1. Prodigal Summer by Barbara Kingsolver
2. Hannah Coulter by Wendell Berry
3. Remembering by Wendell Berry
4. Hotel Paradise by Martha Grimes
5. Cold Flat Junction by Martha Grimes
I watched This is Us, and it was pretty good.
The above five books I mentioned are tremendous.
This is us was great. Highly recommended it. I downloaded the NBC app and watched it for free. I believe the entire first season is still available to stream.
We have not seen HIDDEN FIGURES but I did read the book. It was very detailed and in depth, but interesting.
My husband did not grow up with TV or movies and what we watched growing up was very limited. If we watch something it is usually an older movie or older TV show. We also do not watch "mature audience" type entertainment or war type movies as a matter of principle.
We did watch NAPOLEON DYNAMITE as you suggested. It was quite droll. We have to laugh every time we have tater tots now.
I recommend a recent read by Joanna Cannon THE TROUBLE WITH GOATS AND SHEEP. Also a youth book by Kimberly Brubaker Bradley THE WAR THAT SAVED MY LIFE. If you like mysteries the Bug Man series by Tim Downs is good. A youth fantasy series is The Dark is Rising with 5 books…make sure you start with OVER SEA UNDER STONE as #1. Book 4 is a Newberry Award winner.
I have 3 checked out from the library now that I heard mentioned on public radio…HARD TIMES: AN ORAL HISTORY OF THE GREAT DEPRESSION by Studs Terkel, THE ZOOKEEPER'S WIFE by Diane Ackerman, and TENDER MERCIES by Rosellen Brown. I will see how they go.
A movie we watched recently and liked was THE BEST EXOTIC MARIGOLD HOTEL. Very sweet. SAVING MR BANKS was very very good.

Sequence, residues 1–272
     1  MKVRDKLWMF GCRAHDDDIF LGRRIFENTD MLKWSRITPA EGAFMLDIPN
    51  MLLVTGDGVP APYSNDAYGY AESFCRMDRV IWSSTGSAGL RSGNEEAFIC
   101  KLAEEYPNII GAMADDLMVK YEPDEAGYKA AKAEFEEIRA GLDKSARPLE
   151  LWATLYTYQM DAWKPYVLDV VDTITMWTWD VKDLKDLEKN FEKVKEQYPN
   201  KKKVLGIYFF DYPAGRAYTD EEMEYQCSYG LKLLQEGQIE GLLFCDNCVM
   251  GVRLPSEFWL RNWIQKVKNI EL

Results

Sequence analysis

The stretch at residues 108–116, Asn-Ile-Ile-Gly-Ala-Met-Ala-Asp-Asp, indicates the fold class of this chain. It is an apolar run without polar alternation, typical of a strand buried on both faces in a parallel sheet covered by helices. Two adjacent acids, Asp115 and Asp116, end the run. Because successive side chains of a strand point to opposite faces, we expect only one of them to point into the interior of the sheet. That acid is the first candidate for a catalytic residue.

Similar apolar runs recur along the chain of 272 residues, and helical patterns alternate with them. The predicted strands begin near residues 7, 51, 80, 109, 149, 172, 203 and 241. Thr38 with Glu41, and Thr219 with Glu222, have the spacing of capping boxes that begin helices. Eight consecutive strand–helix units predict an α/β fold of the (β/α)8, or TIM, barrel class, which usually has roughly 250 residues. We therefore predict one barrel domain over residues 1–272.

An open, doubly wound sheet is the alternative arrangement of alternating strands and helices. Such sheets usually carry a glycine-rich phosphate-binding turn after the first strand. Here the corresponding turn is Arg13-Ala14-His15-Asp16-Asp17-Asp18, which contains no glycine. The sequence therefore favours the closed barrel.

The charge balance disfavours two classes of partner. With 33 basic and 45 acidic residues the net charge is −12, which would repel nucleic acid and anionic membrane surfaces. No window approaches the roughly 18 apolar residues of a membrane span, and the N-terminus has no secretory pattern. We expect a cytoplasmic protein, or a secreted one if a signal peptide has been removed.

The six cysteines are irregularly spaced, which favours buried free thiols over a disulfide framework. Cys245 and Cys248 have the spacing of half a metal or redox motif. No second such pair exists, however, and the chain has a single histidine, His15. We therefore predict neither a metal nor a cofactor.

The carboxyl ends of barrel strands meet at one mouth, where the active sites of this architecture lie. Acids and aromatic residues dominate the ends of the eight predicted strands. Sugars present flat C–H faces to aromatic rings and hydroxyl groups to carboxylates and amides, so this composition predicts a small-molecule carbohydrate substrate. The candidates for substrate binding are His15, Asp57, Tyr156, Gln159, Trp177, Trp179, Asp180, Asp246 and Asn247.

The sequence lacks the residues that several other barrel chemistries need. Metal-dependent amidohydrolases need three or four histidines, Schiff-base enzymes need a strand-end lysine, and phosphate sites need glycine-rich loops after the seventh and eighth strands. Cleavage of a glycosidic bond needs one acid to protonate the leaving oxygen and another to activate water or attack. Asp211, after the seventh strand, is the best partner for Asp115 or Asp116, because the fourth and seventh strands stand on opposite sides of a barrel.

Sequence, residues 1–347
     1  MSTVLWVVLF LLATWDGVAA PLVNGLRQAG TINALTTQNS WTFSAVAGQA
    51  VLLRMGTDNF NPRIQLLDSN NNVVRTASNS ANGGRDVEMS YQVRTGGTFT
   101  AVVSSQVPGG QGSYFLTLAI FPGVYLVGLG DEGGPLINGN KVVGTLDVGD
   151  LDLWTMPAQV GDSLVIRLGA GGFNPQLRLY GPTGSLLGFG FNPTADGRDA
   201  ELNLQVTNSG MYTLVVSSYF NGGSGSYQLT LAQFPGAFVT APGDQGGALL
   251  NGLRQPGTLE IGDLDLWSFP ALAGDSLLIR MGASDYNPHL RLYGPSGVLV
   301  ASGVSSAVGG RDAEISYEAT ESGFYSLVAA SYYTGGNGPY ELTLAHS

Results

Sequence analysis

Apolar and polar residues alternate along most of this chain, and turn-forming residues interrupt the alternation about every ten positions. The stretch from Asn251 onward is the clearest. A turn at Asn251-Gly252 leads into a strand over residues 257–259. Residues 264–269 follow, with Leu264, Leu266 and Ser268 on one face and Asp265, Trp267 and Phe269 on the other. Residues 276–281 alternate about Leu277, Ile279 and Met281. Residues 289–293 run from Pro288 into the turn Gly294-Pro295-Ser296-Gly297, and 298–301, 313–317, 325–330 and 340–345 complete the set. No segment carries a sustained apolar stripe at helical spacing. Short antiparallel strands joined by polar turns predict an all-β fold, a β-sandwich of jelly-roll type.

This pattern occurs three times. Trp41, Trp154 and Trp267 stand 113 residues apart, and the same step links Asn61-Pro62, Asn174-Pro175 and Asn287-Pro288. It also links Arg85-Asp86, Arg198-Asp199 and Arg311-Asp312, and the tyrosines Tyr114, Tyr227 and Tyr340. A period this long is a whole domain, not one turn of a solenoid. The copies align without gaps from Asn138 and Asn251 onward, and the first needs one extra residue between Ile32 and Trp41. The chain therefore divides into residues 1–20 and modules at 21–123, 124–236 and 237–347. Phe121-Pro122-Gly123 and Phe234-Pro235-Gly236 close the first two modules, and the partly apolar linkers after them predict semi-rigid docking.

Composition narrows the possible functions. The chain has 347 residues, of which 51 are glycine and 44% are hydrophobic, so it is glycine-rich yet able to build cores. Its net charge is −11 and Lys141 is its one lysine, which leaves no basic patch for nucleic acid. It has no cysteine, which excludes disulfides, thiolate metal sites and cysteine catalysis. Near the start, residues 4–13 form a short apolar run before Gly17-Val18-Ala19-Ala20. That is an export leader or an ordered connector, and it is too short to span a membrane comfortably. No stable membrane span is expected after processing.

Forgot to say that I am reading 'Driving Miss Norma'. A must read for anyone dealing with aging parents.
Manchester by the Sea, two totally wasted hours. Why didn't we turn it off?
La La Land, we did turn it off.
Hidden Figures, loved it. A very well written and acted film.
We are watching and totally enjoying all the old I Love Lucy episodes on Amazon Prime.
We watched This is Us, I absolutely loved it, but cried during and after every show!
Oh, also, I thought Manchester By the Sea was amazing. That actor who played the teen should have won an Oscar. But it was still really depressing.
La La Land felt like a slog to me. Well done, but I didn't care. Nope.
And, seriously, if you have not yet shown your children Casablanca, I am coming down there myself with my DVD and making you watch it. Or wait, it might be a VHS tape. No matter, I'm sure you can stream it somewhere. Also? The Dick Van Dyke show is fun family viewing. I think the first episode or two might have been a little lame, but after that it is funny and, well, refreshing (i.e., it makes you forget about current events for a while).
I had to turn La La Land off after 7 minutes.
Have you seen Anne with an E? It's on Netflix. Must see!!!!
I loved Manchester By the Sea. Although I wish the ending was different, Casey Affleck's character was a 10 out of 10. How could anybody fault his character for responding any differently then he did. He can never change what happened and will be tortured until the day he dies.
I've been very engaged in listening to the podcast S-Town. My husband and I are about half-way through. We can only listen during those brief times when the 8 year old is upstairs and we haven't fallen asleep yet (it's definitely not child-appropriate subject material), otherwise I think I would have binge-listened to it all by now.
I also just finished Rebel Mother by Peter Andreas. It's a memoir of his childhood during the 70's and 80's with his raised-Mennonite-turned-hippie-communist mother who semi-kidnaps him and takes him to South America to support Marxism. I found it very engaging and well written.
We watched This is Us – good show, but absolute tear jerker. I read Hillbilly Elegy over spring break – I have a few thoughts on that. My father's father was from West Virginia, so there was a passing familiarity with some of it, but I thought he let his dad off the hook a little too easily for walking away the way he did. And I know some have had issue with how he talked about his grandparents.
I am currently in dire need of a good book. If it stops raining, I might walk the two blocks from my office to the library tomorrow to address the situation. As for watching, our family viewing of Shitt's Creek is on hold due to school finals and as it turns out, left to my own devices, I will just watch whatever is on PBS in the evenings.